THE DEATH OF A DREAM
After collapsing on the court at the Gersten Pavilion during a game against UC Santa Barbara on Dec. 9, Loyola Marymount basketball star Hank Gathers walked into the locker room, slumped to his knees and sobbed. He was crying not only because he was scared, but also because he feared his collapse might have punctured the dreams of many others.
Peter Priamos, a Los Angeles attorney who befriended Gathers five years ago, followed him into the locker room that night. "I told him, 'It's O.K., we'll find out what it is,' " Priamos said last week. "He looked up at me and said, 'You don't understand. I just blew the NBA.' "
Gathers, who died during a game on March 4 after he again collapsed on the Loyola court, ached for the chance to prove himself in the pros. He also wanted to earn the kind of money that would allow him to take his family out of the Philadelphia ghetto where he was raised. Gathers was, in fact, counting on it. His family—from his mother, Lucille, to his three brothers, to his aunt Carol, to his six-year-old son, Aaron—was counting on it as well.
Now the family will count on Hank in a different kind of court. Last Friday, three days before Gathers was buried in Philadelphia, the family announced that it would file a "seven-figure" lawsuit against those it deemed responsible for his death. "We had planned on waiting until after the funeral to announce this," said the Gatherses' attorney, Bruce Fagel of Beverley Hills, who is also a licensed doctor. "But the purpose of this press conference is that up to this point, the only information that has been released, 90 percent of it is wrong."
On March 6 the Los Angeles Times quoted an unidentified cardiologist as saying Gathers had been advised not to play basketball, had missed a treadmill stress test the week before his death and was suspected of not taking his heart medicine the last week of his life. Fagel said that Gathers was never advised to quit playing, that he did not miss a treadmill test and that he had been seen by family members taking his medicine. And Albert Gersten Jr., the Los Angeles real estate developer who underwrote the building of the basketball arena on the Loyola campus, said, "Hank was with me Friday [March 2] to watch my eight-year-old son play basketball, and I watched him take his pill out, break it in half and swallow it. If that's not taking medicine, I don't know what is."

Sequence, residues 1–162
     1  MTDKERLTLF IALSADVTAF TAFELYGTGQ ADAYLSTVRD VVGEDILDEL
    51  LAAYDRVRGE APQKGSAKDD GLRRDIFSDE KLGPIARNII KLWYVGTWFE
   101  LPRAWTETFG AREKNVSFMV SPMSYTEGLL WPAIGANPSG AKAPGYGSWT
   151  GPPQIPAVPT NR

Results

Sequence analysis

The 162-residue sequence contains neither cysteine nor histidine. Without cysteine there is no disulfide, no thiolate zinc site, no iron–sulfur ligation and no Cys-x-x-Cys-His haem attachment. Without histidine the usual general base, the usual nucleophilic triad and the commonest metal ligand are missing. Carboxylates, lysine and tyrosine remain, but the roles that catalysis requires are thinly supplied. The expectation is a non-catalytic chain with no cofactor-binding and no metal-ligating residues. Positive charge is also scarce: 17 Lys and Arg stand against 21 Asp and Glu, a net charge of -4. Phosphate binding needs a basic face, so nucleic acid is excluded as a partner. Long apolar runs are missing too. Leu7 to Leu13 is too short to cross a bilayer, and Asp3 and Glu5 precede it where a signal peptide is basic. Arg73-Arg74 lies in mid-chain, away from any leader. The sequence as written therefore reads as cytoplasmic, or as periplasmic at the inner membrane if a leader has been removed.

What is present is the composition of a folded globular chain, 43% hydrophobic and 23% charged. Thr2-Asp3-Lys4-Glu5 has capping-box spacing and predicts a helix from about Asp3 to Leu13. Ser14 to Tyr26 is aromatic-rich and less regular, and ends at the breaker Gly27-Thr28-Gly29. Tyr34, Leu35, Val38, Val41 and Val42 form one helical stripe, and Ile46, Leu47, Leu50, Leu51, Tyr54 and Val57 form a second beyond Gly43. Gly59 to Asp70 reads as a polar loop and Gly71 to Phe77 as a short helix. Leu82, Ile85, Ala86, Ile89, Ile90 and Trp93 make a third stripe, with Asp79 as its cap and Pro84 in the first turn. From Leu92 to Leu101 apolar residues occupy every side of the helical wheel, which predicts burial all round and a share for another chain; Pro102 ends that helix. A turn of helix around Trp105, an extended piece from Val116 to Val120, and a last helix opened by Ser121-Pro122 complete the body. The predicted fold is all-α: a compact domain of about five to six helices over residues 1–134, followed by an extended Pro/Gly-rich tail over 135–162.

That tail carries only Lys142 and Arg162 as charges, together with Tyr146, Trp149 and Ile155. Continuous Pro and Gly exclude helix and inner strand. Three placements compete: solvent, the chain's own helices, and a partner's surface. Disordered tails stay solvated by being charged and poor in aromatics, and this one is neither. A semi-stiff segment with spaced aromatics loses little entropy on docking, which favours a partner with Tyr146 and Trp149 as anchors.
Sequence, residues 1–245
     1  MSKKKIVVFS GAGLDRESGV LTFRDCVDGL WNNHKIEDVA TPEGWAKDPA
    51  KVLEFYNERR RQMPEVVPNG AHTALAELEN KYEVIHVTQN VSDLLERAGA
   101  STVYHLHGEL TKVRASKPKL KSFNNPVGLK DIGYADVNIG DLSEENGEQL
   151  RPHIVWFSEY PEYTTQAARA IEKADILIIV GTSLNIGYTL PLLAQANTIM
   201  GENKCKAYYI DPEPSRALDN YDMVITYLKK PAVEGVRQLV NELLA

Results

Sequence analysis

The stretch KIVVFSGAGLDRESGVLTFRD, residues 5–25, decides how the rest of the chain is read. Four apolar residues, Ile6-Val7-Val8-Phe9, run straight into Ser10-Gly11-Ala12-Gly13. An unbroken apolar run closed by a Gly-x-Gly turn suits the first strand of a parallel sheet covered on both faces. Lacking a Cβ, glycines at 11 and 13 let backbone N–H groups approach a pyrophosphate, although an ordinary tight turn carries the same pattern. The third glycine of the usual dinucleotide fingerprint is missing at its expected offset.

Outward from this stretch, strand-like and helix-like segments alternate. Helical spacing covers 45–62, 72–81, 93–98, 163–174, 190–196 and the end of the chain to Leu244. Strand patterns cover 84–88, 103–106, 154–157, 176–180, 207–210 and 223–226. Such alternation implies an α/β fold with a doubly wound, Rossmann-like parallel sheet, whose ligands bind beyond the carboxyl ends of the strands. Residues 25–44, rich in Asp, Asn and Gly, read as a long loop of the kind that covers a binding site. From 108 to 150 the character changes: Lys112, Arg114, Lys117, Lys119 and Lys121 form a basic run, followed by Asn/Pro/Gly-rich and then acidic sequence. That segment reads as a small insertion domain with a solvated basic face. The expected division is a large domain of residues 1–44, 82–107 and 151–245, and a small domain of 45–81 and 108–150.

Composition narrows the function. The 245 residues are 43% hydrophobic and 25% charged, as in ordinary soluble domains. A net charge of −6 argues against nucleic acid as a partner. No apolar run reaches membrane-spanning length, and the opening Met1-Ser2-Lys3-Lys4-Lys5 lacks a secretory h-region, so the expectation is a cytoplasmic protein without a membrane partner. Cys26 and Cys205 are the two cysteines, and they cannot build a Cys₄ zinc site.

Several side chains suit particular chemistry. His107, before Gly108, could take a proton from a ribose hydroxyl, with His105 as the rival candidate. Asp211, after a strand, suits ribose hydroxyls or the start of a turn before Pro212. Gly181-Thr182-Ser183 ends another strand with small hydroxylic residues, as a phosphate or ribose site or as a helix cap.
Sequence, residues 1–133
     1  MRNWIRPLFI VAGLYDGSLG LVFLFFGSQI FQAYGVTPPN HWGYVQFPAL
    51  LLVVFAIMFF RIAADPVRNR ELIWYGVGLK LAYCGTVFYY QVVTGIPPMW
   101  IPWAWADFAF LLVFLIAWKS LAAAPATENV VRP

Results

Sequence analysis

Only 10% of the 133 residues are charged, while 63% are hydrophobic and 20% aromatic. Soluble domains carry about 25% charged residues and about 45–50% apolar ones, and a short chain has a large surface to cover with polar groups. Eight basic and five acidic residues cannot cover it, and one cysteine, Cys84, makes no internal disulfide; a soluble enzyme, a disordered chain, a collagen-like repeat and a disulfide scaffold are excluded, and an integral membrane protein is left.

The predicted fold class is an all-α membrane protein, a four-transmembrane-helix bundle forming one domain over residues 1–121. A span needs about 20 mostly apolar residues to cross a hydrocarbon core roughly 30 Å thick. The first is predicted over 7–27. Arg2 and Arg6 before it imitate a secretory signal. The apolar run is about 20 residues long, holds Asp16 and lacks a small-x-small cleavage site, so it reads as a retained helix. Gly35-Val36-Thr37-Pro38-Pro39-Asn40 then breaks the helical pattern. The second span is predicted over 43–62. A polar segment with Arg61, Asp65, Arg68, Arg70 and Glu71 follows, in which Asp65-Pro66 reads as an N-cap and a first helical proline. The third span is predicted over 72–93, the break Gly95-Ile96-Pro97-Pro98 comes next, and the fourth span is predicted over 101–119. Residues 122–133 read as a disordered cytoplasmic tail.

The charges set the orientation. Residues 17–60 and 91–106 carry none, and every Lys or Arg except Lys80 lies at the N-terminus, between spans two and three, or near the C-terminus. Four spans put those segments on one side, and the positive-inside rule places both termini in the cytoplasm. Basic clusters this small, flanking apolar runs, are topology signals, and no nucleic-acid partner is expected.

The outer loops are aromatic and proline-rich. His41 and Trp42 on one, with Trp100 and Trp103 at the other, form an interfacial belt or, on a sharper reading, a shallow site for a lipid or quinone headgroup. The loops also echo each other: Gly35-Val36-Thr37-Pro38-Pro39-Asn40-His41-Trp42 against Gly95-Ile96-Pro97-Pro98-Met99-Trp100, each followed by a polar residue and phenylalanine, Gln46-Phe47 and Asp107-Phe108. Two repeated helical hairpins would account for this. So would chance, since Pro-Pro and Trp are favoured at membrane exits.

Fagel said the suit, expected to be filed in Los Angeles Superior Court this week, will question whether proper procedure was followed directly after Gathers collapsed. Why, for example, wasn't the specially-purchased de-fibrillating machine, which restores the heart's rhythm and was kept on the sidelines during all of Loyola's games after Gathers's first collapse, used on the court immediately upon Gathers's second collapse instead of minutes later outside the gym? And should Gathers have been cleared to play at all after the Dec. 9 episode? The suit will also charge that someone within the Loyola athletic department pressured Gathers's doctors into reducing his dosage of the heart-stabilizing drug Inderal because it was affecting Gathers's play. School officials maintain that everything that could be done medically was done for Gathers before and after the fatal game. They say they will not respond to Fagel's allegations until the suit is filed.
Ironically, had the 6'7" Gathers quit playing after his first collapse, he probably could have cashed in on his $1 million disability insurance policy with Lloyd's of London. Gathers took out the policy last spring when he decided to stay at Loyola for his senior season after leading the nation in scoring and in rebounding as a junior. The policy, which was designed to benefit Gathers in case of a career-ending injury, did not include benefits for death.
"We talked about him cashing it in, hanging it up," said Priamos. "But Hank would have nothing to do with it. If the doctors were going to clear him to play, he was going to play."
And so Gathers agreed to let his doctors perform any tests necessary to find out if that was possible. During one test, his heart began racing so wildly that the doctors had to administer shock to get it stabilized, said a friend who was with Gathers at the hospital that day. Such an incident is not unusual during these kinds of tests, cardiologists say, but it was so painful and so traumatic that it left Gathers despondent about his circumstances and caused his mother, who saw him shortly afterward, to collapse in the arms of a nurse, the friend said.